So this is Destination Australia, as I described; primarily for migrants, post-World War II. A lot more photos on this website, it's still in its teething phase, it hasn't been released formally to the public as yet, but we're asking for people to go in and participate and tag photos and offer advice or comments on the website. There's plenty of instructions there: how to access particular pictures, and again when you scroll over the photos there, it highlights the one that you're interested in, and you can click and go straight into that. So there's some – and bear in mind you'll have all these on your USB sticks – but there's some contact details, and how to get into this website, and how to make comments and how to add tags. I'm sure people in our Canberra office are desperate for more people to add tags to the photos, but what you can find out from this page about the site and where to start – and it certainly leads you in softly, into this website – and for those of you that may have migrant families that came to Australia post-World War II, there certainly may be a relative of yours that we'd like to know a bit more information so that we can expand on this website.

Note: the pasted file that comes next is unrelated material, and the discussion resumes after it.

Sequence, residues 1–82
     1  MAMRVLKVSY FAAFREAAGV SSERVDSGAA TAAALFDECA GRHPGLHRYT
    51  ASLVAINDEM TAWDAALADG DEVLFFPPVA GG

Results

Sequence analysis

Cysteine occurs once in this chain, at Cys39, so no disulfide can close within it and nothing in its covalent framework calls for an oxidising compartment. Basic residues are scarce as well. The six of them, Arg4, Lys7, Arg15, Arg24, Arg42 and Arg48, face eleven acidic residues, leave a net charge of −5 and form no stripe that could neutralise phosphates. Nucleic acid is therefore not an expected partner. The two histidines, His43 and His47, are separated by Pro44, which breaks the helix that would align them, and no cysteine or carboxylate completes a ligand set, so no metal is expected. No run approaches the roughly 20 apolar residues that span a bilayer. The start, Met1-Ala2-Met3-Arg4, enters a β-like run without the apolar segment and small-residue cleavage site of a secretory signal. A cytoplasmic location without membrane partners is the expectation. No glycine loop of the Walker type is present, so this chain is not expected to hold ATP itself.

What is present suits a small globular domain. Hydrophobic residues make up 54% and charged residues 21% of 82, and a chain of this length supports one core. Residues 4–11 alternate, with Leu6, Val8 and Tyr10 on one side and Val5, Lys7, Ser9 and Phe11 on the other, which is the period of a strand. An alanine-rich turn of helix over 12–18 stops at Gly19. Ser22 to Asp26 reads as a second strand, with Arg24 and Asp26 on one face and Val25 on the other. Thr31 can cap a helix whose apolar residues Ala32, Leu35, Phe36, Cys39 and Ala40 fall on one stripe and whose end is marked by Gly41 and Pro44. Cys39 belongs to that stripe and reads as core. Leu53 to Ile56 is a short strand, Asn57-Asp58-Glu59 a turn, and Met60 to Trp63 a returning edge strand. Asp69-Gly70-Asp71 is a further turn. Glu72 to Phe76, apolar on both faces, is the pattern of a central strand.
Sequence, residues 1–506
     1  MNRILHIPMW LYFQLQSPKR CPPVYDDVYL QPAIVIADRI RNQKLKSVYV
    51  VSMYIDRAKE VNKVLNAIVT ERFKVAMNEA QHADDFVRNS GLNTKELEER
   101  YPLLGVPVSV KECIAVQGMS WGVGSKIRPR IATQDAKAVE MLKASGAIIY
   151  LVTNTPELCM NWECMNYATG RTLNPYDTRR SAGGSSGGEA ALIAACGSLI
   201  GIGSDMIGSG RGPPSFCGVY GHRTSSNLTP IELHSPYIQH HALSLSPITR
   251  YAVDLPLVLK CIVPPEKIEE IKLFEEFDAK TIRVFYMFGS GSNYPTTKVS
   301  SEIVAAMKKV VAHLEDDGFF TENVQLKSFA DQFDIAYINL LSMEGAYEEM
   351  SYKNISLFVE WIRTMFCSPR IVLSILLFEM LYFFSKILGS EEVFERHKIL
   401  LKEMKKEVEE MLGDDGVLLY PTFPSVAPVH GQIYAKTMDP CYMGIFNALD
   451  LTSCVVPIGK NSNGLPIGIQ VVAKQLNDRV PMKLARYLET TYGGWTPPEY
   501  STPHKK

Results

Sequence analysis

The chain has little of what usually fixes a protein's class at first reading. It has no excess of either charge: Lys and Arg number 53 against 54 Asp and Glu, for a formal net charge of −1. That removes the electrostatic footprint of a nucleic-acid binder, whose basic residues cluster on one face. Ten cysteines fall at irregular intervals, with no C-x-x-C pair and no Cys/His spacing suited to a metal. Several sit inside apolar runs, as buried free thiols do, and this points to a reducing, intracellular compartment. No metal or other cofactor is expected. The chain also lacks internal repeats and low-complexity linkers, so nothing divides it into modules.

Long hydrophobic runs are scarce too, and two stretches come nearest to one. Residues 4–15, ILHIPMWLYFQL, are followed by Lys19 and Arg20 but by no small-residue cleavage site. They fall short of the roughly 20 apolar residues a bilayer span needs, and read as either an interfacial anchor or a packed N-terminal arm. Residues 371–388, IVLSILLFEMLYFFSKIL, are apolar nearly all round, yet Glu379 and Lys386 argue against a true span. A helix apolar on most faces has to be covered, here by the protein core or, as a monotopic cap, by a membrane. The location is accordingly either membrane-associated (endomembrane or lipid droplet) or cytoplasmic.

So this website consists of 20,000 images, compared with the previous one I spoke which had 200-odd photos or images, and these photos are all from one series in our Canberra office that have no doubt been in our custody for 30 or more years, and now we've gone the track of digitising those, making those images available and trying to expand on the post-World War II migrant experience to Australia. In previous years I've given presentations where we speak about the naturalisation files and the passenger list and migrant selection documents. This is primarily photos that may arouse people's interest and get a combination of comments from families, it'd be great to add to the website. That's a new direction for National Archives, and we're in the mode of trying to get users to contribute to our websites. Rather than just put up databases with results, we're looking for feedback, we're looking for the tags, we're looking for the stories. This is part of a large project on migration to Australia which is due for release in early 2014.